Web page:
Discussion: Violence in Literature

Yes, today I want to talk about violence in literature.  More specifically, my thoughts on it in YA literature.

I personally think teens are capable of handling much more than most people give them credit for.  Yes, violence in a story can be awful but as long as there’s justification for it in the narrative I don’t see what’s wrong with including it.  If it becomes gratuitous (i.e. there’s no real reason for it other than to gross the reader out) I think that’s a little too much for Young Adult literature.  It’s too much even for adult literature when it becomes gratuitous.

Basically, as long as the violence is ‘justified’ (makes sense in the context of the story and either conveys character or plot elements) I’m generally okay with it.  Sometimes I have to put a book down because it’s so disgusting, but in general I don’t think I’ve ever come across that in YA.

So what do you think of violence in literature?  Do you think the amount of violence in YA should have limits simply because of the target age group?  Or do you think it’s the parent’s job to monitor what their kids are reading?

5 comments

  1. Diantha Jones (@DianthaJones)

    You know me as an author almost better than anyone…if someone ain’t bleeding out in my books, I’m not doing my job. I totally agree that young peeps are way more capable of handling violent books than their over-sensitive parents are. I think it’s because younger generations were raised in a much more violent real world that violence in a book isn’t going to shock them. I personally am a fan of books with a good deal of justified violence. But like you said, I have my limits and sometimes authors just go overboard with it.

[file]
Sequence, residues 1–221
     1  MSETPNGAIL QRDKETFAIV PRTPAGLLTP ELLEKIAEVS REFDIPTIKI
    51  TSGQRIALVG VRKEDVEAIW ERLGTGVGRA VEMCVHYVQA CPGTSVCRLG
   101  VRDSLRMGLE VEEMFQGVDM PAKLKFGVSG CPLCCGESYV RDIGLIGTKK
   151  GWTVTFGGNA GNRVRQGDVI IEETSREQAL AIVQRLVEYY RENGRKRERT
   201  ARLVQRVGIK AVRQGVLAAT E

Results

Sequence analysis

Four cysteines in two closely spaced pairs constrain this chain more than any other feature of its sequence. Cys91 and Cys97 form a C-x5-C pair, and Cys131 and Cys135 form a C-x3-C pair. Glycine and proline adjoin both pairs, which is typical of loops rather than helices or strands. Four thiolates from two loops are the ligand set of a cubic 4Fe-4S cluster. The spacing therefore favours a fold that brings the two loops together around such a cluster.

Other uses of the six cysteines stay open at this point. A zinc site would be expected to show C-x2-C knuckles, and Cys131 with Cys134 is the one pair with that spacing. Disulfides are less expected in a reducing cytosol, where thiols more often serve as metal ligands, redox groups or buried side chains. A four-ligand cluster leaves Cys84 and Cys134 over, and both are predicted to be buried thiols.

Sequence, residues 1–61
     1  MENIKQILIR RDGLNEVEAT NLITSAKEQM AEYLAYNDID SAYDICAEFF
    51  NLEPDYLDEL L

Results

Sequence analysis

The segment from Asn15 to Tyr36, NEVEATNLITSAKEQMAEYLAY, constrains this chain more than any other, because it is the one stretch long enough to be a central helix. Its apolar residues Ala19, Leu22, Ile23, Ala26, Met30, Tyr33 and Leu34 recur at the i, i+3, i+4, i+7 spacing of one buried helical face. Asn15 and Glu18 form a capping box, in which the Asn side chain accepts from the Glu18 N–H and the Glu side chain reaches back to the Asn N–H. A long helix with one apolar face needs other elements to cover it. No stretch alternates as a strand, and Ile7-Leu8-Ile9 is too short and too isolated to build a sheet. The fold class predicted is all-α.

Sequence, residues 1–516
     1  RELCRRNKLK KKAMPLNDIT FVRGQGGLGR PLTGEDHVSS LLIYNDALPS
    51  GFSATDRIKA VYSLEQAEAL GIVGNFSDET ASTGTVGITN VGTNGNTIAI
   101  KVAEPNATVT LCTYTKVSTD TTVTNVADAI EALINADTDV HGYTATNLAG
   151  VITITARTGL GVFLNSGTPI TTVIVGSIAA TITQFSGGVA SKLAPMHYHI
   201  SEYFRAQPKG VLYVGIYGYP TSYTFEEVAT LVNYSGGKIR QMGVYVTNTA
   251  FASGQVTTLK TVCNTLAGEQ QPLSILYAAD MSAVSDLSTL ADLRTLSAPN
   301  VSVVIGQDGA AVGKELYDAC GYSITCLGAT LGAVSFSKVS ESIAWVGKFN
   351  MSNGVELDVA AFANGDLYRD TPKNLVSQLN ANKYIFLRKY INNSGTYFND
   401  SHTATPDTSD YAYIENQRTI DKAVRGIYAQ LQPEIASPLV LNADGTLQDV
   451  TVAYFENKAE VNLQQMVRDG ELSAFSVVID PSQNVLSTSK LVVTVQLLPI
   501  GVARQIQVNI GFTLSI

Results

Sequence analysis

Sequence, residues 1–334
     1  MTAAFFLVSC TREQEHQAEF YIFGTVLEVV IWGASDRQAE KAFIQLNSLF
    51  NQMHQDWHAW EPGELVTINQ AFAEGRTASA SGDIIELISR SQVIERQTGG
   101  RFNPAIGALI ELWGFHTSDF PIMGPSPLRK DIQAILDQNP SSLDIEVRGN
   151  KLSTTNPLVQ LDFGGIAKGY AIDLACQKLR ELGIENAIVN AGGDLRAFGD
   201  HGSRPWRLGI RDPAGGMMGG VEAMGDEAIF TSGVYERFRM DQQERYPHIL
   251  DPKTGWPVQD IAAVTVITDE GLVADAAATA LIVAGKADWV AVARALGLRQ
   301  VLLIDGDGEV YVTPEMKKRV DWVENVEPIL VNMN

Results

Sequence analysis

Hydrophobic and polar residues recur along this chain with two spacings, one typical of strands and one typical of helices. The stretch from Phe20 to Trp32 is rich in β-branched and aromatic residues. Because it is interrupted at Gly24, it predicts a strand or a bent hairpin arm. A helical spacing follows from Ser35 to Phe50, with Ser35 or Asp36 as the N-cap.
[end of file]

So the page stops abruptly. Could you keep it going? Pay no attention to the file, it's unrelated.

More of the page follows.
• Margaret

      I agree, but I’d say we young folks have been raised in a more violent media environment, not necessarily a more violent environment. Violent crime in the U.S. has been declining since the 1990s: http://en.wikipedia.org/wiki/Crime_in_the_United_States. But in the meanwhile, a lot of the taboos on what you can talk about in books and TV have been lifted. I think a show like the TV adaptation of Game of Thrones, which is critically acclaimed, would have had people getting out the torches and pitchforks back in the 1960s.

  2. Tammy Sparks

    I have two teens and I’m often surprised by the things they hear, read and discover when I’m not around. I think with the prevalence of violent video games, many teens are just unfazed by violence. But I do agree, as long as the violence makes sense for the story and isn’t gratuitous, it’s fine.

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  4. Carla J. Hanna

    What I think we are all noticing in YA currently is hypocrisy. The publishing industry is confused. The language teens speak in young adult fiction and the subject matter are unbalanced. Editors frown upon cussing and encourage violence in the inciting incident. They encourage sex in the climax of a young adult romance. For example, John Green’s TFIOS, which I loved, featured teens who didn’t talk like teens and get to have sex as part of their coming-of-age maturity. This is a typical “a teen can’t swear but can get some” in ya romance. I felt the confusion in Hunger Games as well: no cussing, teens don’t talk like teens, and tons of violence. In my novels, my teens don’t talk like teens, either – but the teens are children of celebs who grew up isolated and privileged. But I wish I could have had them cuss like Hollywood teens – that would have been so much more realistic. The problem is that as soon as an F-word is in a book, it is rated R from the autobots. Interesting that a YA book can have rape and murder, kids killing kids, but can’t reflect a teen’s natural discourse.

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